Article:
State of Washington
68th Legislature
2023 Regular Session
BySenate Health & Long Term Care (originally sponsored by Senators Robinson, Dhingra, Hasegawa, Keiser, Randall, Valdez, and C. Wilson)
AN ACT Relating to addressing affordability through health care provider contracting; reenacting and amending RCW 41.05.017; adding a new section to chapter 48.43 RCW; and creating new sections.
NEW SECTION.  Sec. 1. (1) The legislature finds that:
(a) The health care system is a comprehensive and interconnected entity;
(b) Health care costs and spending continue to rise and significantly outgrow inflation and the United States gross domestic product per capita;
(c) According to the health care cost institute, from 2015 to 2019 the average health care spending per person reached $6,000, an increase of 21 percent. Health care prices accounted for nearly two-thirds of this increase in spending after adjusting for inflation;
(d) According to a Milbank memorial fund issue brief, mitigating the price impacts of health care provider consolidation, consolidation of health care providers into health systems with market power is a primary driver of high health care prices. Further, the issue brief explains, competition in the health care market exists in three areas: (i) Competition between health care providers for inclusion in health plan networks; (ii) competition between health carriers in health plan enrollment; and (iii) competition between health care providers for in-network patients;
(e) A 2020 report to congress on medicare payment policy from the medicare payment advisory commission found "the preponderance of evidence suggests that hospital consolidation leads to higher prices. These findings imply that hospitals seek higher prices from insurers and will get them when they have greater bargaining power." Further, the report noted that "a recent study found that hospital and insurer concentration both increase premiums in the affordable care act marketplace"; and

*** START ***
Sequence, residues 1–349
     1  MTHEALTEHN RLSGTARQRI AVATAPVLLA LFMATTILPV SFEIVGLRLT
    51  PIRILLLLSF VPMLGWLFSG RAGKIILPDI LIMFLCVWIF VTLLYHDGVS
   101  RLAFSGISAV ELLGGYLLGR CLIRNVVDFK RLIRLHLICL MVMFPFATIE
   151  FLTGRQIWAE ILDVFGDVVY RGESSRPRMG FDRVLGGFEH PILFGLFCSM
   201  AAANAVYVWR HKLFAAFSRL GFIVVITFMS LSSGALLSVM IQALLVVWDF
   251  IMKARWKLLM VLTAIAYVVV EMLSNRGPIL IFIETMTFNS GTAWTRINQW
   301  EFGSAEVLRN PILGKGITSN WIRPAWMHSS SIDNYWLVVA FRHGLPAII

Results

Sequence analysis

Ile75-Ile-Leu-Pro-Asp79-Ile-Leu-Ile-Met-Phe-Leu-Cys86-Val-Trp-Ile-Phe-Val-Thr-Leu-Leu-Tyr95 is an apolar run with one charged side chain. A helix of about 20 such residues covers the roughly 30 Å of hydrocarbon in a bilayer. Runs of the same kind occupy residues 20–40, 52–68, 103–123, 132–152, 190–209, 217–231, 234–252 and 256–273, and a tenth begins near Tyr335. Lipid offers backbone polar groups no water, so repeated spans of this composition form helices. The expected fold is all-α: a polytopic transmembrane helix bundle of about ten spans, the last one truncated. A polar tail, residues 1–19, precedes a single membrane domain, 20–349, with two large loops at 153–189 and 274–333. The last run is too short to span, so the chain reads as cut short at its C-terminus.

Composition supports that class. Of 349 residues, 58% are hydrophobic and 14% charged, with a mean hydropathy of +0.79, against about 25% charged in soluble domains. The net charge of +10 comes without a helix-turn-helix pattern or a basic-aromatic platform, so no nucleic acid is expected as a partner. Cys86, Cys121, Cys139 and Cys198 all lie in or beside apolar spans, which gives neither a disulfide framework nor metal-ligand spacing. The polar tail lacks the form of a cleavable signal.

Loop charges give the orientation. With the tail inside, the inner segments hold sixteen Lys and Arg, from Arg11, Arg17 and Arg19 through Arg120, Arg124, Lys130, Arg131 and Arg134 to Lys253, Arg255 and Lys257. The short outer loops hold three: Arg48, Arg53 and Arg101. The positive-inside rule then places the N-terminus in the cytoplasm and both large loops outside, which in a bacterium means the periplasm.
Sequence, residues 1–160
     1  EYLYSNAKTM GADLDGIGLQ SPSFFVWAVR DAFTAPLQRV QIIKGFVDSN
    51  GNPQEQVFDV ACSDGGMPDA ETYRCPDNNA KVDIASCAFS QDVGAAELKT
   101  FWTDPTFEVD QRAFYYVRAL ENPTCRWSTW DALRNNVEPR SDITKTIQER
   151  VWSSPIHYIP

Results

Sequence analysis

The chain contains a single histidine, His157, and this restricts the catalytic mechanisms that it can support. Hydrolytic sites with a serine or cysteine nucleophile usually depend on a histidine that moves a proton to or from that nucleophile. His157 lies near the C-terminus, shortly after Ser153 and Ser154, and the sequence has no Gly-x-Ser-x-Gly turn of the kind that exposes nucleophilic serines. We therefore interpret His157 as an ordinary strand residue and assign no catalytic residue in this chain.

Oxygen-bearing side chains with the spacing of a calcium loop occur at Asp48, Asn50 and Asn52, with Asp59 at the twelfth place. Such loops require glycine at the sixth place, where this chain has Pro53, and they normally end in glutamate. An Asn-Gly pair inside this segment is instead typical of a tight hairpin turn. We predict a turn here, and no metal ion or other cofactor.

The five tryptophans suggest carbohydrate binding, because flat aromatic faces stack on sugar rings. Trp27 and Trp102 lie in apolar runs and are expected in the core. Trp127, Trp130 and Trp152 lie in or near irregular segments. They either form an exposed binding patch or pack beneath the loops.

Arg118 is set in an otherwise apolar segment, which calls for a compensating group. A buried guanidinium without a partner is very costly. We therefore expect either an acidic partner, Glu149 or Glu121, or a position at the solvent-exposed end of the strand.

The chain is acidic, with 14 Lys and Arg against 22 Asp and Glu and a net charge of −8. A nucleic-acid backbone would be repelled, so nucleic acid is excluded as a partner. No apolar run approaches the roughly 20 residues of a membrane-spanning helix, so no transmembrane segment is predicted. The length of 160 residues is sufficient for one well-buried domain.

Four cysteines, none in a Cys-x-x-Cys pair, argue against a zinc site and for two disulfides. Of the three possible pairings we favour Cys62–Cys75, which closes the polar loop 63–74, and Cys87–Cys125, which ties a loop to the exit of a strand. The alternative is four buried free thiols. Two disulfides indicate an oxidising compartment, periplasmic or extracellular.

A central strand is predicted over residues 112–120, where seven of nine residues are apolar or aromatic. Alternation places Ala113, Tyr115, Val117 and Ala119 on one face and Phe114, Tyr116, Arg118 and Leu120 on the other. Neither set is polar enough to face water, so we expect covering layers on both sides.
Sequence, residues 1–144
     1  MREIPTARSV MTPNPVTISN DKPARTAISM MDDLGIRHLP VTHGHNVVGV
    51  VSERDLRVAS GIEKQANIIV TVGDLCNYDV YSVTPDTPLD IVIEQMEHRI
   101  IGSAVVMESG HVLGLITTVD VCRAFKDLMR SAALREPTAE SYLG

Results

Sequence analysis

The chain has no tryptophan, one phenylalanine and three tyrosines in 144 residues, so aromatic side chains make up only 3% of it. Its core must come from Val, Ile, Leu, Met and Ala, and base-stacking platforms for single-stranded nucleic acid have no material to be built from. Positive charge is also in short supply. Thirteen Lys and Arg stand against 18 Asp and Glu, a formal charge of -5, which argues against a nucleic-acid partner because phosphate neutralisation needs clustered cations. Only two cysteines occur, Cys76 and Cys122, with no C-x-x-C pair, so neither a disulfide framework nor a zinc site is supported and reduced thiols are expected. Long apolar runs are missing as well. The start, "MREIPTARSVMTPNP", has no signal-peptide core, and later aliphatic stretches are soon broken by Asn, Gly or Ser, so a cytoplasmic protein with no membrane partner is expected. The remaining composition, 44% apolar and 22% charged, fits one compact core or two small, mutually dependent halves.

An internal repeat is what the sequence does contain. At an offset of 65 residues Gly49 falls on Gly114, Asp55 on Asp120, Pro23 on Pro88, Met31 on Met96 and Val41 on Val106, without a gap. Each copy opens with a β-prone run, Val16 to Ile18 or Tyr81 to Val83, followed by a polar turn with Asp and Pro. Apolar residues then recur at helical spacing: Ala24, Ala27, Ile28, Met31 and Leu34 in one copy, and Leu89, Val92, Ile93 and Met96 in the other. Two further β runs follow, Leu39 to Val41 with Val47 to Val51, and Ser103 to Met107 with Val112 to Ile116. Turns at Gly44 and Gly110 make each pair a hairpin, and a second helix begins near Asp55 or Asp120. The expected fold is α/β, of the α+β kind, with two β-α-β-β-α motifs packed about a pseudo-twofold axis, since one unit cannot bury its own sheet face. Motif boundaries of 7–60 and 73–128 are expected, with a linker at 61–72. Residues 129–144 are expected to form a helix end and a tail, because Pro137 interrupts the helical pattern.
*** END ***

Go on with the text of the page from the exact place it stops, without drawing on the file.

(f) Significant vertical and horizontal consolidation has already occurred in the health care market. In 2010, the five largest hospital systems in Washington state had 30 hospitals, which grew to 49 hospitals by 2021. According to a 2020 American medical association survey, nearly 40 percent of patient care physicians were employed directly by a hospital or a practice owned at least partially by a hospital or health system, an increase from just 23.5 percent in 2012. According to a 2020 study published in health affairs, 72 percent of hospitals were affiliated with a hospital system in 2018.
(2) Therefore, the legislature intends to prohibit the use of certain contractual provisions often used by providers, hospitals, health systems, and carriers with significant market power and to direct the insurance commissioner, in collaboration with the office of the attorney general, to study other states' regulatory approaches to address affordability of health plan rates with the goal of increasing health care competition, lowering health care prices, and increasing affordability for consumers.
NEW SECTION.  Sec. 2. A new section is added to chapter 48.43 RCW to read as follows:
(1) Except as provided in subsections (2), (3), and (4) of this section, for health plans issued or renewed on or after January 1, 2024, a provider contract between a hospital or any affiliate of a hospital and a health carrier may not directly include any of the following provisions:
(a) An all-or-nothing clause;
(b) An antisteering clause;
(c) An antitiering clause; or
(d) Any clause that sets provider compensation agreements or other terms for affiliates of the hospital that will not be included as participating providers in the agreement.
(2) Subsection (1)(b) and (c) of this section apply only to carrier networks in which tiering is based on quality metrics filed with the office of the insurance commissioner and described in detail in the provider contract.
(3) Subsection (1)(a) and (d) of this section do not:
(a) Apply to the extent that they would prevent a hospital, provider, or health carrier from participating in a state-sponsored health care program, federally funded health care program, or state or federal grant opportunity;
(b) Apply to the extent that they would prevent a hospital, provider, or health carrier from participating in agreements that involve, in whole or in part, value-based purchasing arrangements structured to reduce unnecessary utilization, improve health outcomes, and contain health care costs, including any agreement that involves financial risk including, but not limited to: